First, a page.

Looking at where this source came from, (a history book), my primary opinion would be that the author should place no blame at all on either parties detailed in his writings. The purpose of a history book is not to put forward the opinions of the writer, but to display the facts and events of the time period in question. However, as is most common nowadays, books such as these can be used by governments as propaganda, and for all I know the author could be extremely biased. Then, the date should give a further clue before any of the material in question has even been read. Although written nine years after the Six Day War of June 1967, this extract can hardly be deemed to have been written in hind sight, as the hostility between the Arabs and Israelis was still present at the time of its publication.
If the author was someone who was not totally impartial, perhaps they had relatives on one of the opposing factions or were themselves members, then in such a time of heated emotions, ones anger might begin to affect the impartiality of your writing, whether deliberate or subconsciously.Upon reading the article, you notice that it is very fairly set out into two sections, the Israelis reasons for going to war, and the Arabs. You are told in the first paragraph that the Arab powers were threatening her (Israel) with destruction and were ready to attack her as well as Egypt had already closed the Gulf of Akaba which she knew Israel would regard as an act of war. Also, the writer states Israel could not afford to let the Arabs strike first for she was too weak and too vulnerable.
In the second paragraph, that for the reasons of the Arabs, you are told, The Arabs say that Israel should not have been in existence at all, and that Israel had to go to war to save its economy and to ward off political instability. This all seems very diplomatic, but the first thing that struck me was that Israel had roughly three reasons put forward, as opposed to the Arabs two. The writer says that it comes down to whether in the first paragraph, implying that you should draw your own opinion from the information that he has put forward in his book. I believe that he is trying to sway your opinion to the side of the Israelis by means of clever wording. Notice how the author refers to Israel as she, but the Arabs as they. Why did he not call the people from Israel Israelis instead of referring to them by their country? This would have made more sense, as he had already called the Arab countries Arabs. This suggests a closeness with Israel, using a more formal term for the country, whilst giving the Arabians the possibly slightly impolite label of Arabs.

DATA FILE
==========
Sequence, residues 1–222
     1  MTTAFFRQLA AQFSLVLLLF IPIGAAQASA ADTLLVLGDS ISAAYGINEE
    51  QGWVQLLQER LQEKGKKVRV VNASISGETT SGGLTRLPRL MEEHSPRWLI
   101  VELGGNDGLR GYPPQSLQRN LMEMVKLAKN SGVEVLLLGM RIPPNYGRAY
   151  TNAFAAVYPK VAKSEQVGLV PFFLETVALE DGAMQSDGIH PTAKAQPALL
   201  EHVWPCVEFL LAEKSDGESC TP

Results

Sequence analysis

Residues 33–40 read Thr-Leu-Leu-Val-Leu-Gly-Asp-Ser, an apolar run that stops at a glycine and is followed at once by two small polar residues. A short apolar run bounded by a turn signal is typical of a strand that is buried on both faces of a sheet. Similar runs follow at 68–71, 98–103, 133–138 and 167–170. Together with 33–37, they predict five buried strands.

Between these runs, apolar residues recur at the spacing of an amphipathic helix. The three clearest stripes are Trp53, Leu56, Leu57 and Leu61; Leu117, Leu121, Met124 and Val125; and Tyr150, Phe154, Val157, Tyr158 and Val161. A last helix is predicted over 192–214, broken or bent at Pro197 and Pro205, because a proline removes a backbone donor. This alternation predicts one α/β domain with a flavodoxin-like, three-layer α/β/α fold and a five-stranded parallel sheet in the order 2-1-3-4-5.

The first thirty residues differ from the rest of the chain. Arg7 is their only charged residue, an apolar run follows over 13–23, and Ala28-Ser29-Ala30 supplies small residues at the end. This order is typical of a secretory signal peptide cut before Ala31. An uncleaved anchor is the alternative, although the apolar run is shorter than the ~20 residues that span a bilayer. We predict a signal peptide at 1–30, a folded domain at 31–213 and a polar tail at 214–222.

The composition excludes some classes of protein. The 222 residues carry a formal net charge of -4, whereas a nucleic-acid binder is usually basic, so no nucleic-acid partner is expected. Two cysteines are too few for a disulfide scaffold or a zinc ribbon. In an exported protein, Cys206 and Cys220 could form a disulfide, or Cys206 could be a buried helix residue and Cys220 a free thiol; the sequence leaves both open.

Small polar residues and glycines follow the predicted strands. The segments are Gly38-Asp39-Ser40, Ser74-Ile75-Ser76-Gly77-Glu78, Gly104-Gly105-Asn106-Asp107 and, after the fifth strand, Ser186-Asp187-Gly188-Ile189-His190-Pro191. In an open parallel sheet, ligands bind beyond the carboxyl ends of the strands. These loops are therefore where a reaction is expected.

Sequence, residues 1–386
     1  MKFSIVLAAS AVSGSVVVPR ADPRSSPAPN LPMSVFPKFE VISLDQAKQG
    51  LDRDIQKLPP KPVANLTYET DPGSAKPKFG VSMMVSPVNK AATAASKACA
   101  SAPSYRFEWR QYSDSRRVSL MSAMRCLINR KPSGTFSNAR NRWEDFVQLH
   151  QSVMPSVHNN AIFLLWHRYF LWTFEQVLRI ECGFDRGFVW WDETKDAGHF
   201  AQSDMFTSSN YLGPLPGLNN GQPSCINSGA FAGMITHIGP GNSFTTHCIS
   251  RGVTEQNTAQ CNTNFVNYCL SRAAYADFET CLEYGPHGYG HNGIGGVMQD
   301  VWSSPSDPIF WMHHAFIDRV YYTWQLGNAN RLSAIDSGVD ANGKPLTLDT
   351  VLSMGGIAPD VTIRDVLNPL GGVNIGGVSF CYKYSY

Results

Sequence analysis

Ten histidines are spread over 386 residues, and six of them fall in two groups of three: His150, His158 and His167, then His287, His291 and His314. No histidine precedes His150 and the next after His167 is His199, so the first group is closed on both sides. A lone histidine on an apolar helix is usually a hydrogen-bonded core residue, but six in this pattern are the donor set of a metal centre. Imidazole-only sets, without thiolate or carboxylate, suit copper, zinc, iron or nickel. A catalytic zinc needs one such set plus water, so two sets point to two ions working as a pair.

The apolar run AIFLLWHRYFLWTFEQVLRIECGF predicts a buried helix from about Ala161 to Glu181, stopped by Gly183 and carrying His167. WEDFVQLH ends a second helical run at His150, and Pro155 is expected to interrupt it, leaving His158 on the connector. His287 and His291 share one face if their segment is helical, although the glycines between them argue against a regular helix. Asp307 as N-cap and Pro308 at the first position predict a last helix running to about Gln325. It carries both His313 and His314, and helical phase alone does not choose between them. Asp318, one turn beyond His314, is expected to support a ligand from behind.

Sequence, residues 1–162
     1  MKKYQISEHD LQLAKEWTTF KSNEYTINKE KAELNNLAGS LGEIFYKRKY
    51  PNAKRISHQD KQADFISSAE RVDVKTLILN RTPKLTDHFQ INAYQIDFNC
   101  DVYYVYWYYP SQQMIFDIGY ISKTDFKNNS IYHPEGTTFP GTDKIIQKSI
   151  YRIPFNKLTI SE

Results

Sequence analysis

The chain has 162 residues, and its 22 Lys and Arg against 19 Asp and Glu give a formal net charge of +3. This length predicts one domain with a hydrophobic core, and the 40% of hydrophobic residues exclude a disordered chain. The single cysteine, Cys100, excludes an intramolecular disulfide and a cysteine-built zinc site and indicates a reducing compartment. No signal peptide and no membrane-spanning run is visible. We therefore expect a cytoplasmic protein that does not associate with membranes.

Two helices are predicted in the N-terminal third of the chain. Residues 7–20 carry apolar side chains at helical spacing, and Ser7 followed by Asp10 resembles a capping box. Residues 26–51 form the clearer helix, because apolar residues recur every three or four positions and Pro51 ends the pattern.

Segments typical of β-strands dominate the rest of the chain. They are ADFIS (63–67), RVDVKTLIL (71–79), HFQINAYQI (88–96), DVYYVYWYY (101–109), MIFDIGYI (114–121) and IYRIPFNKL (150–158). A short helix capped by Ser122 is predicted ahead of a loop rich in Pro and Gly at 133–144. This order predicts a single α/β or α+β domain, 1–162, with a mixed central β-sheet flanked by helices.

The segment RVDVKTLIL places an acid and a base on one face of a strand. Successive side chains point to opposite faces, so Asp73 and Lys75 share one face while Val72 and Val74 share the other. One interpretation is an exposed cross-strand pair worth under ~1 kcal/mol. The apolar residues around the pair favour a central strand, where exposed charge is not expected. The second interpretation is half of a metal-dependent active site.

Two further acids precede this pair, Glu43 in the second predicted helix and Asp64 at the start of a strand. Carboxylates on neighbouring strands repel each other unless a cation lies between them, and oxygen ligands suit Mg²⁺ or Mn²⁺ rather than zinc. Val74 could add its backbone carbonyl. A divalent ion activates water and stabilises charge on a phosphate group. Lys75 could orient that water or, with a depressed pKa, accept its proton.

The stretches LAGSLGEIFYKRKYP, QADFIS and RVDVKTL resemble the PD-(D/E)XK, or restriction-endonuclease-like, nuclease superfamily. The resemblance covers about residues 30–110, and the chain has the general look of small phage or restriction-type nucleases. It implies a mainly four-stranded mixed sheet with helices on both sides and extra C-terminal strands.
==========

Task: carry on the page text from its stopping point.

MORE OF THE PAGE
Also it is interesting to see how the Israelis do the claiming whereas the Arabs do the saying. This could be a clever way of implying Arab over confidence in their ideas, and Israels more political approach. This is the same approach that cost them the Six Day War. In the fourth sentence, the author uses a somewhat slang In any case to mention the Egyptians closing the Gulf of Akaba. It is more a phrase used in speech rather than writing, and implies an excuse is being given.
Is the author trying to give excuses for Israels involvement in the War? I believe that he is. The rather simple way that the last sentence is written in is unlike the writer. If he had put did unite instead of united then the sentence would have done more than just tell you a few facts, it would have also reinforced the previous point that as a direct result of the war the Israelis gained a large amount of aid from the US. However, being on the side of the Israelis, he does not want you to do this and therefore tries to disassociate the two sentences as much as possible. He also says there is some support for this view in regards to the view that Israel went to war for internal financial and political reasons, the some implying that he is not one of those few. I believe that the author of this book blames the Arabs more than the Israelis.
He admits that the Israelis were in part responsible for the war because they made the first attack, and a little of the blame must be given to them for this reason, but not much. I think that he is biased and shows favoritism towards the Israelis.2.This cartoon shows a Jew surrounded by Arab cannons about to be blown into the sea. The message of this cartoon is quite simple; soon the Israelis will be destroyed.